“In a case such as the present one, reference should be made, in examining a possible violation of Article 2, to Article 8 of the Convention and to the right to respect for private life and the notion of personal autonomy which it encompasses. In Pretty the Court was not prepared to exclude that preventing the applicant by law from exercising her choice to avoid what she considered would be an undignified and distressing end to her life constituted an interference with her right to respect for private life as guaranteed under Article 8 of the Convention. In Haas it asserted that an individual’s right to decide in which way and at which time his or her life should end was one of the aspects of the right to respect for private life.”  (emphasis added)

Cohen J therefore delved into TG’s wishes, although before doing so he noted that he did not consider that the issue of indignity was one that featured large in this case, arriving at that conclusion for a number of reasons:

22. […], first of all it is quite clear from the statements made by the family and friends that personal dignity is not something that featured large in TG’s life or thoughts. Secondly, I am satisfied that the issue of pain is not one that impacts in this case as it is not felt by the patient. If pain does emerge, as it might if she were to regain a minimal degree of consciousness, that should be amenable to treatment with medication

Praising the quality of the statements of TG’s husband and son, Cohen J noted that they had two principal strands:

24. […]. They have two principal strands: first, that if her presence was a comfort to others (as I find it to be) she would want to be there whatever the cost to her. Family was central to her and she would want to remain a part of the family no matter what form it would take for as long as possible. Secondly, she had the utmost respect for life because of its intrinsic value and that it was for no-one other than the Lord to take away. It is for Him alone to end and she would never accept anyone else facilitating death. I also take into account the statement of her friend M who had a discussion with her about Dignitas in the context of a programme on television and she recalls TG saying, “Why do people want to go?” before adding something like “They’re not God and they don’t know what will happen in the future.” It is absolutely clear from everything that I have read that her Catholic faith and her belief in God were and are a crucial part of her life.

Cohen J agreed that this represented “compelling evidence” that TG would not have consented to the withdrawal of intubation, and that her wishes and feelings and beliefs and values were plainly for the continuance of life.  He noted that he had:

  1. […] asked counsel if they were aware of any case in which the court has terminated life support against the wishes of the patient and they were unable to tell me that there ever was one; with the quality of expertise before me I am sure that there must therefore not have been such a reported case.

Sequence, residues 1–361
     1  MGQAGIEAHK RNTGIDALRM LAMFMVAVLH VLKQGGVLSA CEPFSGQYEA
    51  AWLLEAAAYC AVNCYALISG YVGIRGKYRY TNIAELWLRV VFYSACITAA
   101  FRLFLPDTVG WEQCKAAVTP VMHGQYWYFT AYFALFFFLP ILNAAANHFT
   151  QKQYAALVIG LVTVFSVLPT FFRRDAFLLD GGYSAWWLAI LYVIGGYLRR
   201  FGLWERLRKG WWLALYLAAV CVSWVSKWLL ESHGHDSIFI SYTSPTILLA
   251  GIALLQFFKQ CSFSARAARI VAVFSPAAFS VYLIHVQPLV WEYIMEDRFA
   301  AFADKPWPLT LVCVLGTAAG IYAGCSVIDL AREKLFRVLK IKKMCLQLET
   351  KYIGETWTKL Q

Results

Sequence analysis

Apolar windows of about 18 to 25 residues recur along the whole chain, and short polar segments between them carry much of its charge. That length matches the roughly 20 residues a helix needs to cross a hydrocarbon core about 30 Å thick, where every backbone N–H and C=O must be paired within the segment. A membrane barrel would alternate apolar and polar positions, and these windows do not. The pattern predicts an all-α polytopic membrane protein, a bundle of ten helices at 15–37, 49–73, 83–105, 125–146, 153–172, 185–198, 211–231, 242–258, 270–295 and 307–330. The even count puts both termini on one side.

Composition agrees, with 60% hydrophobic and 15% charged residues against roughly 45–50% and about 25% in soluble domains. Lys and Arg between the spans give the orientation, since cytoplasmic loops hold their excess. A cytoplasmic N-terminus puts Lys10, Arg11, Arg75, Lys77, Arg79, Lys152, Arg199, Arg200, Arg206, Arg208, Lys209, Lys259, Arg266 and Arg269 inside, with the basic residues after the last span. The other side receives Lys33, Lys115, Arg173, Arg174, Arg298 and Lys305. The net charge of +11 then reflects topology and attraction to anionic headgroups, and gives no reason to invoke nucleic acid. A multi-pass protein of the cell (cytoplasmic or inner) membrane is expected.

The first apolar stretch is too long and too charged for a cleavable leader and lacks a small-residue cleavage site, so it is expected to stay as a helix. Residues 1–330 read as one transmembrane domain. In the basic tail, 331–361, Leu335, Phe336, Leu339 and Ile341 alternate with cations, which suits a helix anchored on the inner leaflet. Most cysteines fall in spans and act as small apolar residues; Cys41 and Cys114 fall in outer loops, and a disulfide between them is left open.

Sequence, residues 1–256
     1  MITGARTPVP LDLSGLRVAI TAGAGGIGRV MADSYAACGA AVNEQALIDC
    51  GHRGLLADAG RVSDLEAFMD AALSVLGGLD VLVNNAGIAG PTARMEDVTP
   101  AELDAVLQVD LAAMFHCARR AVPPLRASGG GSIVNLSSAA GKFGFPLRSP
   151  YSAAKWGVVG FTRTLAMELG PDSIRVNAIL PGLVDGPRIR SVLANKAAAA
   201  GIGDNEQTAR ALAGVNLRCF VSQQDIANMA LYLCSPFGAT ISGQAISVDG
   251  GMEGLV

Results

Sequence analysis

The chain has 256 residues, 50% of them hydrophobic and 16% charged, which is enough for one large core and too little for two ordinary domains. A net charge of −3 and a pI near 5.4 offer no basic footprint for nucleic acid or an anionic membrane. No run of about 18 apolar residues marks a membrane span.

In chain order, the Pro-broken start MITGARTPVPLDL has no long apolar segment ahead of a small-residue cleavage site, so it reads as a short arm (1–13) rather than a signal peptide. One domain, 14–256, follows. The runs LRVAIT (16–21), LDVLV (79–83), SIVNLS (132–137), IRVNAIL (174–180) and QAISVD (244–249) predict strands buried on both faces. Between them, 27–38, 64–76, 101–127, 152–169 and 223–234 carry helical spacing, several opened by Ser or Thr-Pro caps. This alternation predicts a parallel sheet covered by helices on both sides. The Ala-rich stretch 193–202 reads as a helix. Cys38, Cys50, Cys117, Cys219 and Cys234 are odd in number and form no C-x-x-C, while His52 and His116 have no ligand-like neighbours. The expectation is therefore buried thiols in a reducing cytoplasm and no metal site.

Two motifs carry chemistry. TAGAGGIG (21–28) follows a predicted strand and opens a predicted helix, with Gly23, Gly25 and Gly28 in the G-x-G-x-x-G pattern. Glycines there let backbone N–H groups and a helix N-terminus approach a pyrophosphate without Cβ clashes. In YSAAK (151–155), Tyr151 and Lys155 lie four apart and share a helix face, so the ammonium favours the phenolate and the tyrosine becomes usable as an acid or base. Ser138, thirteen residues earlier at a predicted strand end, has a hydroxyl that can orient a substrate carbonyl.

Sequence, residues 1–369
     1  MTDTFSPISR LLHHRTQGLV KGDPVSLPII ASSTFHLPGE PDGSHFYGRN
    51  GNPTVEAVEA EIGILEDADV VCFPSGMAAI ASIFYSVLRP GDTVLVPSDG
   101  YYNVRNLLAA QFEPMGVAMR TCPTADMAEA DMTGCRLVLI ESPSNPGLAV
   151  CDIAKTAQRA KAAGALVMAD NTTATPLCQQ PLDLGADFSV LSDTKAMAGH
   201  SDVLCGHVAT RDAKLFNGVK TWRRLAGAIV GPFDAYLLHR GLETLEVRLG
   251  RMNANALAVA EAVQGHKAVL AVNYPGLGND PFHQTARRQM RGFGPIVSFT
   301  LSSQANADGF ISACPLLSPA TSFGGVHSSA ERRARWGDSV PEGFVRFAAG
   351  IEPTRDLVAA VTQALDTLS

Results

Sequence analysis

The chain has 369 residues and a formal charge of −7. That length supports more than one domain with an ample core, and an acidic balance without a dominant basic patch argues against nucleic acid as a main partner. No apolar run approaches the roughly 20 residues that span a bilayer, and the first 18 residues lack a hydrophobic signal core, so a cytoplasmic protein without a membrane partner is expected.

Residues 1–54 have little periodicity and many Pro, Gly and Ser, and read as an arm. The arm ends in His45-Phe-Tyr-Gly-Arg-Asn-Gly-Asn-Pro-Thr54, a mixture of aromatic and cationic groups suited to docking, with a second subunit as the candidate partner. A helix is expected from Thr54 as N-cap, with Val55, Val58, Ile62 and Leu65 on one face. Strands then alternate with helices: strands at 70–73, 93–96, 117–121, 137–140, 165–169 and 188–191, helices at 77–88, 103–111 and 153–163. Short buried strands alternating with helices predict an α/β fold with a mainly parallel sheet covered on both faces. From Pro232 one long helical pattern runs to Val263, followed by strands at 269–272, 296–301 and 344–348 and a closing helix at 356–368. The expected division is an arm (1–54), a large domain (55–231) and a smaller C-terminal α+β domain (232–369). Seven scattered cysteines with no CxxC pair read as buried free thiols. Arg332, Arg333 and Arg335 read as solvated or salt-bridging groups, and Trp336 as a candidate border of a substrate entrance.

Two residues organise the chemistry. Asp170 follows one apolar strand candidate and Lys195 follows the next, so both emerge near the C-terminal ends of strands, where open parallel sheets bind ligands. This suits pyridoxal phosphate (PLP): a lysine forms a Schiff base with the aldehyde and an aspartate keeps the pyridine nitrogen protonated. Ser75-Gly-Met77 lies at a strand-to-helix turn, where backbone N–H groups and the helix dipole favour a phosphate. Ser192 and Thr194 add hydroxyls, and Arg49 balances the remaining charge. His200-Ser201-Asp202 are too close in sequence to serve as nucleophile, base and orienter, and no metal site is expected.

Into the mix Cohen J also put the fact that he was being asked to make the decision two months after injury when the Royal College of Physicians’ guidance indicated that in the case of a non-traumatic injury such as this, six months is required before a vegetative state is regarded as being permanent,  such that he was being asked to make a decision at a point when it was possible that when it was possible that TG might make some recovery and be able to return to live at home even if she would be unaware of the fact.

The balance sheet identified by Cohen J (reconstructed here from continuous prose) was as follows:

Benefits of removal of tube Benefits of maintenance of tube
First, it would be the end of the process which brings, or is likely to bring no significant benefit to TG. On the other side there is the continuation of life


Secondly, it removes the possibility of indignity and/or pain. there is the recognition of her wishes for herself and for her family
  thirdly, it enables her life to progress and be ended in accordance with the will of God
  fourthly, it permits the possibility, faint though it may be, of some improvement in her state and
  fifthly, although this may be repetitious, it provides the ability for her to play a part in her family as she and they would wish, even though she would be unaware of it.

Cohen J therefore came to the:

30. […] clear decision that it is in the patient’s best interests that intubation should continue. I recognise that this places a huge burden on the treating team. It is against their advice and their wishes and of course also those of Dr Newman but I remind myself constantly, this is her life and her wishes as I have found them to be and nobody else’s. It may be that if the position were to remain the same in six months’ time or no successful tracheostomy had been carried out that different considerations might apply but I am not looking at the future, I am looking at things as they are now and for those reasons I reach my decision and refuse the application.


It is clear that the courts in this context now take very seriously their task of starting with the person’s known wishes and feelings and following the logical implication of those wishes and feelings to their end.  That can mean stopping treatment even in the face of opposition from a ‘pro-life’ team; conversely, as in this case, and as in HB (about CPR) taking the court on P’s behalf very close to (but not quite over) the line of dictating to clinicians to provide treatment that they do not consider to be beneficial.  It is undoubtedly the case, as Cohen J has identified, that the law has therefore moved on substantially since Bland, both in the increased focus on the (near) determinative place of wishes and feelings, and in the narrowing of futility from the broader concept of not providing wider benefit to the question of whether the intervention in question would actually work – in this case, to keep TG’s airways clear.

For my part, I would hope that when the CRPD Committee come to consider the complaint against France in Mr Lambert’s case, they adopt an approach that in substance, if not in form, identical to this, as complying faithfully with the (facially) competing demands of the Convention – demands that are being considered further in collaborative work that I am undertaking at present.